Net absorption for wholesale space totaled 12.2 megawatts (MW) in 2016, on par with totals in the past several years. As the wholesale market in Atlanta continues to expand and evolve, the availability of custom facility/redundancy configurations, a favorable business climate, abundant and reliable power and low utility costs will likely make the metro a key market for wholesale data requirements.
2016 net absorption totaled 195 MW across the major data center markets (Atlanta, Chicago, Dallas/Ft. Worth, New York/New Jersey, Northern Virginia, Phoenix and Silicon Valley), nearly matching the 200+ MW of absorption in 2015. Leasing volume across the U.S. was dominated by a flurry of hyper scale cloud-service provider (CSP) requirements that sometimes reached in excess of 15 megawatts (MW) each.
“Atlanta is a critical interconnection point for the Southeastern U.S.,” said Jennie Karnes, vice president, CBRE Data Center Solutions. “While a variety of favorable factors – from power costs, land prices, tax incentives, etc. – have historically fueled an abundance of corporate owned and operated data center builds in suburban areas, the aggregation of fiber density in the downtown core will also continue to drive data center demand as proximity and access to network connectivity become increasingly critical for businesses in the region.”
The Atlanta market is driven by smaller-sized retail requirements from companies within the metro area. Atlanta is largely dominated by single-tenant and corporate-owned data centers, most which are in suburban areas. From a multi-tenant market perspective, Atlanta is a well-balanced market considering supply and demand dynamics. Vacancy rates for existing or commissioned space are 11.4 percent, down from 15.7 percent a year ago.
There are currently 271 MW under construction in major markets, more than 160 MW of which are being delivered on a speculative basis. The largest volume of construction is in Northern Virginia (121 MW), and upwards of 40 MW of new capacity are expected in markets like Dallas/ Ft. Worth and Silicon Valley. Even with the addition of much-needed new supply, market conditions in nearly all major data center markets should remain landlord-favorable in 2017 from a supply-demand balance perspective. In Atlanta, the supply pipeline is considerably constrained, totaling only 3.5 MW, with 2 MW of that total already pre-leased. At this point in time, data center operators in Atlanta are unlikely to build excess speculative capacity until market dynamics shift or tighten. Only 8.6 MW of new capacity was added in 2016, trailing net occupancy gains.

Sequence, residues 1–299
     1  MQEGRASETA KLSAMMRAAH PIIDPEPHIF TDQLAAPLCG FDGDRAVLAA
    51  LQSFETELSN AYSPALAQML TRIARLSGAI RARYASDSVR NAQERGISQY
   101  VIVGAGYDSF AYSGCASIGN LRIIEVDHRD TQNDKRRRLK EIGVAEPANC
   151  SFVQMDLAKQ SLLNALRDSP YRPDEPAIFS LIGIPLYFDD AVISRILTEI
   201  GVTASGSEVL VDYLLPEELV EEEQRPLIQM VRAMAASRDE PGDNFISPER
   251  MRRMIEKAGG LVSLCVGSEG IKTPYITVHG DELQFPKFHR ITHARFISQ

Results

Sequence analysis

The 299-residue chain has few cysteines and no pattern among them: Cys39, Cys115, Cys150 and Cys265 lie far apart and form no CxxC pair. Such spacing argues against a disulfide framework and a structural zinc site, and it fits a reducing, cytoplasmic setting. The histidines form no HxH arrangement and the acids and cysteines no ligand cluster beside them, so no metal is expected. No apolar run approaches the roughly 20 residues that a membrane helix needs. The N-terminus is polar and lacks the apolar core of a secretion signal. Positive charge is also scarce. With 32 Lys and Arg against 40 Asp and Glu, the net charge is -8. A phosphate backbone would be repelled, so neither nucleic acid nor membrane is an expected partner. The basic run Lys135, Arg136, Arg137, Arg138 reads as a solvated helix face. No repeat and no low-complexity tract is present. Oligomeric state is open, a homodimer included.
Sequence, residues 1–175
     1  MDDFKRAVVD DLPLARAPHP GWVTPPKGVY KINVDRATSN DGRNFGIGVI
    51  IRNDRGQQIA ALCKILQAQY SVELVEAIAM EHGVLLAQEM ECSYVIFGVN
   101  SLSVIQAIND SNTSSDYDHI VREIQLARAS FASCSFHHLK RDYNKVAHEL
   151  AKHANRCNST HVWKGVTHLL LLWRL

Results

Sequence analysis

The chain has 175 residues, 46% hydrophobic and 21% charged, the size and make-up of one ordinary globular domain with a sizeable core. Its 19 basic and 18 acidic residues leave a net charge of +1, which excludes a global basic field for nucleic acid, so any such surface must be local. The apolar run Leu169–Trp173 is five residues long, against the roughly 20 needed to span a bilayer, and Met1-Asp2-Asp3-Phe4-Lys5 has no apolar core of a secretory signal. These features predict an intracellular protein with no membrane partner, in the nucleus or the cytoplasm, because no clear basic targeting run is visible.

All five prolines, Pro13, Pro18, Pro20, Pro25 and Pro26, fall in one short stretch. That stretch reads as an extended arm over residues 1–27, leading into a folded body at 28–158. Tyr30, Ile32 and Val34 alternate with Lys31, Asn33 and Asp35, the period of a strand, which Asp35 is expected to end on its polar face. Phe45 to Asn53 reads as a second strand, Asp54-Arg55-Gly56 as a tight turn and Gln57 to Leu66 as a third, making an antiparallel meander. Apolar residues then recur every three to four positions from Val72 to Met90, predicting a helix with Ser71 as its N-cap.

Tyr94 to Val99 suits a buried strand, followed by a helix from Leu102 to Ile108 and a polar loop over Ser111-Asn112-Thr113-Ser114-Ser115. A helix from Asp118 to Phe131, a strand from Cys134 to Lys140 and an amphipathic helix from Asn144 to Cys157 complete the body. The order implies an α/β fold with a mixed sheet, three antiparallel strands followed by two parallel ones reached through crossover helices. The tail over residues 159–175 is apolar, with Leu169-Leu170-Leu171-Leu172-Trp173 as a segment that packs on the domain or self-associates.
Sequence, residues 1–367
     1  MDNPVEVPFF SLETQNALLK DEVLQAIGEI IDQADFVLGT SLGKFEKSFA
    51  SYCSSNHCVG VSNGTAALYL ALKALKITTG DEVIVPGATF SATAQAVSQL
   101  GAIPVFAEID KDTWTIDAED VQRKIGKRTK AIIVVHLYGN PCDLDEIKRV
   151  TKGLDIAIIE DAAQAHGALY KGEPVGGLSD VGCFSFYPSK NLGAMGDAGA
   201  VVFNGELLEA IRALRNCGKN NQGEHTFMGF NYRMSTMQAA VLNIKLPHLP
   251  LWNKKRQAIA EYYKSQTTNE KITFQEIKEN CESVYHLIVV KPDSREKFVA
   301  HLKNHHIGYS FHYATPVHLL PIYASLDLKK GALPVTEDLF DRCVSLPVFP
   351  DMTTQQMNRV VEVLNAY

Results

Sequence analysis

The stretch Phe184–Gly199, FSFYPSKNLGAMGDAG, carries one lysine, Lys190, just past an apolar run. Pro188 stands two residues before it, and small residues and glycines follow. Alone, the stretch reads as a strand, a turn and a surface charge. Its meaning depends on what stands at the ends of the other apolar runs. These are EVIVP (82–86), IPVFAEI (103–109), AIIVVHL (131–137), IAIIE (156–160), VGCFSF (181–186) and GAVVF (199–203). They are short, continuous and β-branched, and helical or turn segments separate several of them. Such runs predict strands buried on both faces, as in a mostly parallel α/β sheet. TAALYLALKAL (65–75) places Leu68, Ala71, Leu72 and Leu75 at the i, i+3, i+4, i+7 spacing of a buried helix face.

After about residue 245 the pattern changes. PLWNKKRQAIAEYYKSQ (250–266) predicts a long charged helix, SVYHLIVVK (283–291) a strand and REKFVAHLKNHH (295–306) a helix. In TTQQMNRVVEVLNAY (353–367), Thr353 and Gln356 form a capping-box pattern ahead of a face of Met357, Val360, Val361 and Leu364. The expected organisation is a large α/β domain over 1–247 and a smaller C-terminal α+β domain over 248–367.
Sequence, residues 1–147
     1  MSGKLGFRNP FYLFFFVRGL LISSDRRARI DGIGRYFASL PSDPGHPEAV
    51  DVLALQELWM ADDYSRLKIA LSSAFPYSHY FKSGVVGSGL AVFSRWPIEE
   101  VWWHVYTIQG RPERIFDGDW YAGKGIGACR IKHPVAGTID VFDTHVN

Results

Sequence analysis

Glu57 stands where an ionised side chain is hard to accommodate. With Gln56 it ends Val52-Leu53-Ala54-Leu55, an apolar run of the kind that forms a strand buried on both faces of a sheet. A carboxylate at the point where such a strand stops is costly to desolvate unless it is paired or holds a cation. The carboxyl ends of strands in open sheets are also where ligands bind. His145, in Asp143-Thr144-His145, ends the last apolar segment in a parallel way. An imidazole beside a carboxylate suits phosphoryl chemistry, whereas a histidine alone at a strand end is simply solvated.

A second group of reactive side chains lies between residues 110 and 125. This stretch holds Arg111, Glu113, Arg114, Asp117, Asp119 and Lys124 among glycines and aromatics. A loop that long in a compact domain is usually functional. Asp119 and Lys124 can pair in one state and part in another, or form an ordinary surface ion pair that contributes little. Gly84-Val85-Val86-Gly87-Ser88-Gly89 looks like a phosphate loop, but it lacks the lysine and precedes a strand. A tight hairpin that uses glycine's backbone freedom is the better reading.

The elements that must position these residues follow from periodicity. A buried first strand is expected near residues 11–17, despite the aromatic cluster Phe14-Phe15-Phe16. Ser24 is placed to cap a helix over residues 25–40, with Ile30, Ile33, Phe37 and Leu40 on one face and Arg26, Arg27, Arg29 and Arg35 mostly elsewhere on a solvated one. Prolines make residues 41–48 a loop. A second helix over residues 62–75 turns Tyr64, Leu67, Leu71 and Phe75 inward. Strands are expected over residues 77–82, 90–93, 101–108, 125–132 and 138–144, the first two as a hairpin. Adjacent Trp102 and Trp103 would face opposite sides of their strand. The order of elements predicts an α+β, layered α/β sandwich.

“The C-suite at most enterprises has arguably never been more attuned to the costs, potential risks and pitfalls of building and operating their own data centers,” said Pat Lynch, senior managing director, Data Center Solutions, CBRE. “The result in 2017 will likely be a continued wave of enterprise data center facilities becoming available as companies continue to migrate to hybrid IT solutions (cloud, colocation and others) and their enterprise data centers become a smaller part of their IT footprint.”
The first signs of this trend have already started to appear: After a lackluster 2015, total sales volume for data center assets increased dramatically to nearly $1.78 billion in 2016 at an average price per square foot of $275. This total does not include several announced large portfolio transactions that are slated to close in 2017.
“The sustained magnitude of market leasing in 2017 will likely depend on how accurate cloud providers were in forecasting customer demand and subsequently provisioned data center capacity to meet it,” said Mr. Lynch. “Additionally, legacy corporate data center assets are poised to come to market in 2017 in a big way. While not likely a supply-side risk to the multi-tenant market, well-connected real estate near critical population centers has the potential to command strong demand and pricing.”